Earlier today I was talking with someone who, like me, has spent a lifetime trying to become good enough to be loved by someone we love. It’s so easy to recognize it in someone else, this agony of trying to make a parent/sibling/lover notice, love and care about us. We try everything: diet, exercise, this shampoo, that deodorant, this skin care, that makeup, new clothes, self-help books, therapy, being less attentive, being more attentive, and on and on and on…until we’re exhausted and depleted, and then we try again.
Did you notice how they don’t? They don’t notice our efforts because it’s not about us. It’s them. Really. The critical parent is going to continue because they believe that’s their job. The mean, distant sibling is probably jealous or just doesn’t want us around. And the elusive lover, well, they have their own agenda, their own self-interests no matter what they may say.
Yom Kippur, the Jewish Day of Atonement, is about to begin in my part of the world. It hit me this morning, that maybe my sin, and perhaps your sin, isn’t about not being good enough. Maybe the real sin is allowing someone else, someone who is not our Creator, to dictate who we are supposed to be. Maybe our real sin is in not letting our individual lights radiate, in not being who we were created to be.
Think about roses. They are beautiful at each stage. From the bud to the blossom to the rose hip, they just are. They radiate what they were created to be.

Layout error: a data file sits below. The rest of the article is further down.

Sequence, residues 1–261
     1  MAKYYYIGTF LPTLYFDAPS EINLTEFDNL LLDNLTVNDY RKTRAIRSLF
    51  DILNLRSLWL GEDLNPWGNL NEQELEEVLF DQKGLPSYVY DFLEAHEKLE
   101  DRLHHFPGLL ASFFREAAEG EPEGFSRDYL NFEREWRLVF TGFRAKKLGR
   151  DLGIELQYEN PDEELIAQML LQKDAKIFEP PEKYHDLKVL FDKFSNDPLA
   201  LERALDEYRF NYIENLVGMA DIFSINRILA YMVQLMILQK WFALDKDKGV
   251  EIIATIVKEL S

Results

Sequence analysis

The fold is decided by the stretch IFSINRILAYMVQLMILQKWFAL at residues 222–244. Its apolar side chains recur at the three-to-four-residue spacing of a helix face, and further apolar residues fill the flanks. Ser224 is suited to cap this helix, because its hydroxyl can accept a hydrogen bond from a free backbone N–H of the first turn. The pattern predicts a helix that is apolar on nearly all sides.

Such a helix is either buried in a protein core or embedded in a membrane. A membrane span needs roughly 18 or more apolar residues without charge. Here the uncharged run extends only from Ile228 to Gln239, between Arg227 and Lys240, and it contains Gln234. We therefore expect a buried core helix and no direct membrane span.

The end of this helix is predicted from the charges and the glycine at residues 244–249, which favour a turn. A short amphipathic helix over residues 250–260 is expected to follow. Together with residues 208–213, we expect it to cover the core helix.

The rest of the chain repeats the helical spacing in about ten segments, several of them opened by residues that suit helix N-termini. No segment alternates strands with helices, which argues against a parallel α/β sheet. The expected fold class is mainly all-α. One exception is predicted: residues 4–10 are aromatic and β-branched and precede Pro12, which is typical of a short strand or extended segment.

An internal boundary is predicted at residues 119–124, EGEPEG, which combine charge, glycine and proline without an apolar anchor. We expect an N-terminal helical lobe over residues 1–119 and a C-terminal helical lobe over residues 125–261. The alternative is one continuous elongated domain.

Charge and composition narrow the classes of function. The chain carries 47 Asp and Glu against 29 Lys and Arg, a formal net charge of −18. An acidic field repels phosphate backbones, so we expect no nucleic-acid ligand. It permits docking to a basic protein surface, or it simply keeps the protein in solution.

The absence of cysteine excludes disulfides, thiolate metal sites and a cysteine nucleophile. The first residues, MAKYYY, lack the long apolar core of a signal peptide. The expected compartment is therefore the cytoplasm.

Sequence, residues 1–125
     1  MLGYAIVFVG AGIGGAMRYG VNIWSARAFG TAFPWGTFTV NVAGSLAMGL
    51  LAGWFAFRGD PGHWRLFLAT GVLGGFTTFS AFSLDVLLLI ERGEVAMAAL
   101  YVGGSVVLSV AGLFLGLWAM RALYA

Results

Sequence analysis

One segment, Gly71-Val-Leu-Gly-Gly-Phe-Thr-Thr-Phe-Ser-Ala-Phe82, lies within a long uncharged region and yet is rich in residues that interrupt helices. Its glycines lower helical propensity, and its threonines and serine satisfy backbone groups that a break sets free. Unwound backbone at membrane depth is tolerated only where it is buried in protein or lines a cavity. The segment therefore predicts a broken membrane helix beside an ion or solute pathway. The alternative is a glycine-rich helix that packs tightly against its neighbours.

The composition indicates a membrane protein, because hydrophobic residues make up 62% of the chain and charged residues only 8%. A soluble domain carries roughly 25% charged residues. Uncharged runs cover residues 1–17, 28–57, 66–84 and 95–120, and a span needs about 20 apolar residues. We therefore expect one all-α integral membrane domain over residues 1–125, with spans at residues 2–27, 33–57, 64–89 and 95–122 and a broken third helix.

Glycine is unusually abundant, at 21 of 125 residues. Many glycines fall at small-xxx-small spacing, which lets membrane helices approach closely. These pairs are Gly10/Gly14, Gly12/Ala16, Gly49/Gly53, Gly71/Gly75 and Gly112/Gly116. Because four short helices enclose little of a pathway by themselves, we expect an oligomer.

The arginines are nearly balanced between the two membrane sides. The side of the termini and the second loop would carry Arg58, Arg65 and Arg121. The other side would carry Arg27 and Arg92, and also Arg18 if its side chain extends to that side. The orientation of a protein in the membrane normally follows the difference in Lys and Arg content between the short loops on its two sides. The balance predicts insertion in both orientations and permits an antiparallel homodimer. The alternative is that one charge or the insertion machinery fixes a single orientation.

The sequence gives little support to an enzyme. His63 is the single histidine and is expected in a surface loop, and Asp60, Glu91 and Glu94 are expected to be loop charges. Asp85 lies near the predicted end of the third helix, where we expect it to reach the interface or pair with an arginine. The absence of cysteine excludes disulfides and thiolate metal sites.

It reminds me of the following quote from Marianne Williamson:
“There is nothing enlightened about shrinking so that other people won’t feel insecure around you. We are all meant to shine, as children do. We were born to make manifest the glory of God that is within us. It’s not just in some of us; it’s in everyone. And as we let our own light shine, we unconsciously give other people permission to do the same. As we are liberated from our own fear, our presence automatically liberates others.”
What if, by living in forgiveness, we begin to realize we are enough. What would life be like if we believed, really believed, we’re pretty enough, smart enough, talented enough, a good enough parent/friend/lover. Yes, you (and me) with the imperfect hairstyle, the extra pounds, the coffee breath. We ARE enough, exactly as we are.
Now let’s go out and live that way.